Interpreting intermediate convolutional layers of CNNs trained on raw speech

by   Gašper Beguš, et al.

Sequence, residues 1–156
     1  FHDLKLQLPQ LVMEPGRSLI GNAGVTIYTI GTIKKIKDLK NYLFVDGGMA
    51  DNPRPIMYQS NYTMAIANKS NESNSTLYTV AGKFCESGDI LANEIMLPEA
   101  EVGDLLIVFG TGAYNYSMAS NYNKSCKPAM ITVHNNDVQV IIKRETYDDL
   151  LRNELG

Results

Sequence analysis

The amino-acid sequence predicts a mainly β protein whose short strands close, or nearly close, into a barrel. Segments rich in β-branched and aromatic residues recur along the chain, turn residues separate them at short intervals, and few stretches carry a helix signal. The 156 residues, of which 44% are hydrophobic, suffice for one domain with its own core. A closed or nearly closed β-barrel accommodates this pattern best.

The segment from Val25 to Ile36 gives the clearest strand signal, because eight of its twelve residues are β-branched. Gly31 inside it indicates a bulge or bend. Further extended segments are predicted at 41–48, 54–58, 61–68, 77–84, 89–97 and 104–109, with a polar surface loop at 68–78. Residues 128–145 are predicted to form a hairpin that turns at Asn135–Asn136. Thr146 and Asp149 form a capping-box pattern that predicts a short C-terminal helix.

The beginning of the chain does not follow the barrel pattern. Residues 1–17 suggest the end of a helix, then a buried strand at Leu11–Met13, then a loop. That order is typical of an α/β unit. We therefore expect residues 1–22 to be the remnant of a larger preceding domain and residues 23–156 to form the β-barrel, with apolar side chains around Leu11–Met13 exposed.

This paper presents a technique to interpret and visualize intermediate layers in CNNs trained on raw speech data in an unsupervised manner. We show that averaging over feature maps after ReLU activation in each convolutional layer yields interpretable time-series data. The proposed technique enables acoustic analysis of intermediate convolutional layers. To uncover how meaningful representation in speech gets encoded in intermediate layers of CNNs, we manipulate individual latent variables to marginal levels outside of the training range. We train and probe internal representations on two models – a bare WaveGAN architecture and a ciwGAN extension which forces the Generator to output informative data and results in emergence of linguistically meaningful representations. Interpretation and visualization is performed for three basic acoustic properties of speech: periodic vibration (corresponding to vowels), aperiodic noise vibration (corresponding to fricatives), and silence (corresponding to stops). We also argue that the proposed technique allows acoustic analysis of intermediate layers that parallels the acoustic analysis of human speech data: we can extract F0, intensity, duration, formants, and other acoustic properties from intermediate layers in order to test where and how CNNs encode various types of information. The models are trained on two speech processes with different degrees of complexity: a simple presence of [s] and a computationally complex presence of reduplication (copied material). Observing the causal effect between interpolation and the resulting changes in intermediate layers can reveal how individual variables get transformed into spikes in activation in intermediate layers. Using the proposed technique, we can analyze how linguistically meaningful units in speech get encoded in different convolutional layers.


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